Those of us who have grown up in the evangelical church have learned, whether directly or indirectly, that “real” ministry requires significant sacrifice. For some reason, we seem convinced that the work of the Great Commission should only occur beyond the borders of the United States. Yet, there are people all around us looking for mentors. We’re missing an opportunity to care for the loneliest generation.
Sixty-nine percent of individuals surveyed for Springtide Research Institute’s “The State of Religion & Young People 2020” who reported having one adult mentor also believe their life has meaning and purpose. The same survey reports 85% who have two to four adult mentors and 91% of those who have five or more adult mentors said their life has meaning and purpose. The more mentors someone has, the more meaning they believe their life has.
This recent survey matches what my husband, Ordell, and I have experienced throughout the past twenty years of relational ministry. Our ministry has always centered around the athletic teams Ordell coaches. As we have welcomed people into our home, spent time leading bible studies, listening to and praying with others, we’ve repeatedly seen the impact we make in the lives of people when we take a genuine interest in their lives. When people know we care about them, they trust our perspective on life. Embracing “holy interruptions” has allowed us to affirm that we care about people and has opened them up to hear and consider our views on life.
As a football coach’s wife, relationally mentoring college students is a natural part of my yearly rhythm. Living on mission for my family looks different from living on mission for other families, but our heart for whoever stands in front of us is the same. As we interact with our team on and off the football field, we strive to show the players we care about what they care about, whether that’s the latest video game release or their classroom success.
For my family, holy interruptions vary. One day we may join the team on the sidelines and cheer our hearts out so each player knows we see them. Another day I may intend to run a few errands alone only to have a student text and ask if she can talk about a challenging situation. Rather than becoming frustrated that I need to change my plans, I choose to multitask. I embrace the opportunity to spend time walking shoulder to shoulder with someone who needs a listening ear and welcome the company I have while running errands.
We’ve served groups of college and high school students, led small groups of peers in our communities, and my husband, Ordell, has led his staff through leadership development studies. Each time we’ve encountered people who have sought deeper mentoring relationships for a season. It is always a privilege to receive an invitation to join someone on any part of their life journey.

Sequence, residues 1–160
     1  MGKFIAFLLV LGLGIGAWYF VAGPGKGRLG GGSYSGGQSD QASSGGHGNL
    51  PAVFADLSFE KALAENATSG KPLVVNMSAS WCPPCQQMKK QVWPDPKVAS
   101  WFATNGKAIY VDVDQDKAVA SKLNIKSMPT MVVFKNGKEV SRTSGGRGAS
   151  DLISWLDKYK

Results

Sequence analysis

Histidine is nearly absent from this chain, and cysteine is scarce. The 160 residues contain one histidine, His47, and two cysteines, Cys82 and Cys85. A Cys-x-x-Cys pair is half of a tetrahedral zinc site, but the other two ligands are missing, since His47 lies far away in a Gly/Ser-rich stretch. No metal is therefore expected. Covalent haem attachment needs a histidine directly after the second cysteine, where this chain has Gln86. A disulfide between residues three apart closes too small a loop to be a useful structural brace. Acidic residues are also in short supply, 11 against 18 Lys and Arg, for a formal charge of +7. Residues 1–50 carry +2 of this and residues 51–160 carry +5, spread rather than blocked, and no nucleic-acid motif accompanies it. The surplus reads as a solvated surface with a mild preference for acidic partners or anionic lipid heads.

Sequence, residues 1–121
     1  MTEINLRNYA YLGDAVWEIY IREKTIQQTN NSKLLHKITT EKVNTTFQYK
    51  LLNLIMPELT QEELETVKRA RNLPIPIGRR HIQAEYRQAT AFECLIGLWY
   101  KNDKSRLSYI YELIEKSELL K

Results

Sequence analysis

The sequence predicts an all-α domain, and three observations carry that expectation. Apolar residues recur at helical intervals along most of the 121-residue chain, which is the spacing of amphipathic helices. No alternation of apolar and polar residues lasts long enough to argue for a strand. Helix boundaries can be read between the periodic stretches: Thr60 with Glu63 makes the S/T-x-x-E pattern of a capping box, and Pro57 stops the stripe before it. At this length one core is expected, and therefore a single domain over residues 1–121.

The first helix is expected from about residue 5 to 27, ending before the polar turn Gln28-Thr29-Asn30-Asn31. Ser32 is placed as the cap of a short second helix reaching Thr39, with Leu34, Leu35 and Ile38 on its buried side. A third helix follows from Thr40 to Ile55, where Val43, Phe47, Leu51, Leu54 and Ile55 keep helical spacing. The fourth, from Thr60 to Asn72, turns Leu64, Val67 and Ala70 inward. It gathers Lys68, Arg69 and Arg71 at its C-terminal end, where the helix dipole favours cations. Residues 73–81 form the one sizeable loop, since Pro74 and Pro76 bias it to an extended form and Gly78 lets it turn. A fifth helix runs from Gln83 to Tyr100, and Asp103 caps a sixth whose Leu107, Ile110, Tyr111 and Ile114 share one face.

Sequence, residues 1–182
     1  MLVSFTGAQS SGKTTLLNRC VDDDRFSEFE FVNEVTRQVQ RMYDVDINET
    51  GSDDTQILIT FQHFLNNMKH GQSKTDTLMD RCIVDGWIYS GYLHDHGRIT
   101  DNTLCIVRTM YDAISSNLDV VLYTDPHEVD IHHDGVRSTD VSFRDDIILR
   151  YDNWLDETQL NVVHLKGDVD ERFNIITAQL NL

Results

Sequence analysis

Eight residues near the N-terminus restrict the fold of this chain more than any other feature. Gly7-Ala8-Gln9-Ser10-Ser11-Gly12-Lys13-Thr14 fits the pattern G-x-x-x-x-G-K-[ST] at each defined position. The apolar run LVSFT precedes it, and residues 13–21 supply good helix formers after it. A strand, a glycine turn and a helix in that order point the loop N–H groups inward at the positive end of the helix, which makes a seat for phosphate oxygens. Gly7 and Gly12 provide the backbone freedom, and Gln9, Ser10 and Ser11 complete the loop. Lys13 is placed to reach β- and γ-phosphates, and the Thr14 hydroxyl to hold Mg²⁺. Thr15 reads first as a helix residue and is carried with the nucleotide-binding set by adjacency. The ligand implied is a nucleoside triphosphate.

Why You Should Embrace Interruptions
The truth is, the more our lives reflect Jesus, the more we must hold our plans loosely. As a coach’s wife, I’ve had to learn to accept the phrase “game time decision” as common vernacular. This means that we plan and anticipate, but until the situation is in front of us we don’t make a final decision. We retain this posture as long as possible because we want to ensure that God is with us as we move forward. We also want to make sure we see the whole picture.
I love this perspective on life interruptions from C.S. Lewis:
“The great thing, if one can, is to stop regarding all the unpleasant things as interruptions of one’s ‘own’, or ‘real’ life. The truth is of course that what one calls the interruptions are precisely one’s real life – the life God is sending one day by day: what one calls one’s ‘real life’ is a phantom of one’s own imagination.”from a 1943 letter from C.S. Lewis, included in Yours, Jack: Spiritual Direction from C.S. Lewis
How Do We Embrace Holy Interruptions?
Offering advice on embracing interruptions is challenging for various reasons. First, different personalities will respond to interruptions in a variety of ways. Some people will need to try to plan for an interruption while others are perfectly willing to go with the flow. Some people find themselves in seasons where interruptions tip over an already too full plate while others embrace the change in pace.
That said, there are a few things we can all do to ensure that we embrace holy interruptions well.
- Commit to personal Spiritual growth.
- When our eyes, ears, hearts, and souls are tuned to God it doesn’t matter what the day holds. We will handle it better than if we’re trying to white knuckle through things on our own.
- Ask God to help you discern the interruptions that you should spend extra energy and attention on.
- Interruptions will happen. Not every encounter is one that deserves your time and attention.
- Pause to pray before every yes and no.
- It’s likely that a holy interruption will come with a request for a further commitment. It’s okay to ask for time to consider any request you receive.
- Thank God for trusting you to serve him in this important way.
- Discipleship is an important responsibility. It’s vital to stay humble and the best way to do that is with gratitude.
Ready to Learn More about Embracing Holy Interruptions?
We’re all called to different communities and different types of ministries. But when we are followers of Jesus, our calling to live out the Great Commission and the Greatest Commandment are the same. As Christ’s ambassadors (2 Corinthians 5:20), we’re all called to “make disciples of all nations” wherever we live. God invites us to partner with him and live on mission every day, even in the mundane moments of life. We do this when we love people as Jesus taught the disciples to do, without stipulations.
Embracing Holy Interruptions: How Jesus Used Mundane Moments to Love People Deeply is a six-week Bible study that teaches people how to develop a disciple-making movement.
This is not a step-by-step instruction manual.